Evidence from existing cohort studies supports the prediction of incident coronary heart disease and stroke using 10-year cardiovascular disease (CVD) risk scores and the American Heart Association/American Stroke Association's cardiovascular health (CVH) metric.Methods
We included all Jackson Heart Study participants with complete scoring information at the baseline study visit (2000–2004) who had no history of stroke (n = 4,140). We used Kaplan-Meier methods to calculate the cumulative incidence of stroke and used Cox models to estimate hazard ratios and 95% CIs for stroke according to CVD risk and CVH score. We compared the discrimination of the 2 models according to the Harrell c index and plotted predicted vs observed stroke risk calibration plots for each of the 2 models.Results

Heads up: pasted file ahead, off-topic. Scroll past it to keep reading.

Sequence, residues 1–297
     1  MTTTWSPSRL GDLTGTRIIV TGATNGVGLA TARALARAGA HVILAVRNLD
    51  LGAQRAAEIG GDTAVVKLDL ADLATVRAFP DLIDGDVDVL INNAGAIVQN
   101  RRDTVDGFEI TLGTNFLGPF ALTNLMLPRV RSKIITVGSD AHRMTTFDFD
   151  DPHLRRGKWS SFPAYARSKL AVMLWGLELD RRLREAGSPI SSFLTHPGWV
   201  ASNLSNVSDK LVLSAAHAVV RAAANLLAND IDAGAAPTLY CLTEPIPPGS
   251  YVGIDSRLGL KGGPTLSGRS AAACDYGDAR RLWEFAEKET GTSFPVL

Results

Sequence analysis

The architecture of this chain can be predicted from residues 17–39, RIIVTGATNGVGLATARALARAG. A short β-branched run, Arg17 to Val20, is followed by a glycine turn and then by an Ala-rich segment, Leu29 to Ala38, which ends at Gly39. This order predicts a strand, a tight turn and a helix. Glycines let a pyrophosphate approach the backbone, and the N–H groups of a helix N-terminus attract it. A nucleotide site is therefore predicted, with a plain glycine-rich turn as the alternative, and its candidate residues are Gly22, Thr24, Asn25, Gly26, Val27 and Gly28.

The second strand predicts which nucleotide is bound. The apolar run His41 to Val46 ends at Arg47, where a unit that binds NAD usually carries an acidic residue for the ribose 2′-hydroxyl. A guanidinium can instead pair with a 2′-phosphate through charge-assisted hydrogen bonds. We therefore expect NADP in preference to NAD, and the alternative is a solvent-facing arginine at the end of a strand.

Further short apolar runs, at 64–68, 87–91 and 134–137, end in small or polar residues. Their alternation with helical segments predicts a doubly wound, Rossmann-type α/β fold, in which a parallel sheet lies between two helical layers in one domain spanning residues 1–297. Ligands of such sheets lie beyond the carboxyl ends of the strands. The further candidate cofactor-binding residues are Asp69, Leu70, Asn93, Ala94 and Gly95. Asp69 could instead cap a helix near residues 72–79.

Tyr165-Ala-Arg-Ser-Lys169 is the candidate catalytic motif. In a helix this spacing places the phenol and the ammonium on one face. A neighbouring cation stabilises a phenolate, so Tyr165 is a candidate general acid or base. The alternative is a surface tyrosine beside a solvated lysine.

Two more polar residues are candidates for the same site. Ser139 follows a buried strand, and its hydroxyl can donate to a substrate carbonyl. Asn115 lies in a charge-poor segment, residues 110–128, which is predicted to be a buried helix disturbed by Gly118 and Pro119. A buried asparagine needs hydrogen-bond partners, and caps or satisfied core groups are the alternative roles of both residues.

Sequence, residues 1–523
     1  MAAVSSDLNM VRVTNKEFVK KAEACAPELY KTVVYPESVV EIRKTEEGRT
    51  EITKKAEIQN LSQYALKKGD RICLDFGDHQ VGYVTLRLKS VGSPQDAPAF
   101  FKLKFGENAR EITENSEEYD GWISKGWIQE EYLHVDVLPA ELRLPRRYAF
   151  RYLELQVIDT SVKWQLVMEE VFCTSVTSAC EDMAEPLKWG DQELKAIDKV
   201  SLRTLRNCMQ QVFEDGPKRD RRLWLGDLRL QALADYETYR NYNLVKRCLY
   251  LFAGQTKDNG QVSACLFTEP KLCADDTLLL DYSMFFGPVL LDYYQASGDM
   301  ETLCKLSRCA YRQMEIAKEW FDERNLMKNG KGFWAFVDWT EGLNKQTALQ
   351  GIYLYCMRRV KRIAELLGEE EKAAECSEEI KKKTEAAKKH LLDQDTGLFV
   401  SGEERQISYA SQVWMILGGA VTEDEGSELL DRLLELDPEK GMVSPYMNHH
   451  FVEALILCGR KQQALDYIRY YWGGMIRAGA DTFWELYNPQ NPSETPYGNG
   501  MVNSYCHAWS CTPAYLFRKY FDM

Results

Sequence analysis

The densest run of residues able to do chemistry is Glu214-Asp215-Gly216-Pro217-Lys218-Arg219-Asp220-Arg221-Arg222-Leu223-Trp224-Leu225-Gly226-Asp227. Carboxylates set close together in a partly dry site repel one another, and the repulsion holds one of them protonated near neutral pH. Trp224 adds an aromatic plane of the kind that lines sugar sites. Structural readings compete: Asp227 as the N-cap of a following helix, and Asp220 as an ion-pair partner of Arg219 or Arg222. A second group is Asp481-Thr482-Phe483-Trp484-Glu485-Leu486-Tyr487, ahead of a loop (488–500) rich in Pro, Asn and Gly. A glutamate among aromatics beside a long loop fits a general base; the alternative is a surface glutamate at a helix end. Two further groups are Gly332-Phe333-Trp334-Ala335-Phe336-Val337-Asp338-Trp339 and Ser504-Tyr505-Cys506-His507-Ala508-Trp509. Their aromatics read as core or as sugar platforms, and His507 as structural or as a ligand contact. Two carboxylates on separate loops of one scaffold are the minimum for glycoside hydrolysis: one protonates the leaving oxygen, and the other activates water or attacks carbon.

The median age of the African American participants was 54.5 years, and 65% were female. The cumulative incidence of stroke increased across worsening categories of CVD risk and CVH. A 1-unit increase in CVD risk increased the hazard of stroke (1.07, 1.06–1.08), whereas each 1-unit increase in CVH corresponded to a decreased hazard of stroke (0.76, 0.69–0.83). As evidenced by the c statistics, the CVH model was less discriminating than the CVD risk model (0.59 [0.55–0.64] vs 0.79 [0.76–0.83]).Conclusions
Both scores were associated with incident stroke in a dose-response fashion; however, the CVD risk model was more discriminating than the CVH model. The CVH score may still be preferable for its simplicity in application to broad patient populations and public health efforts.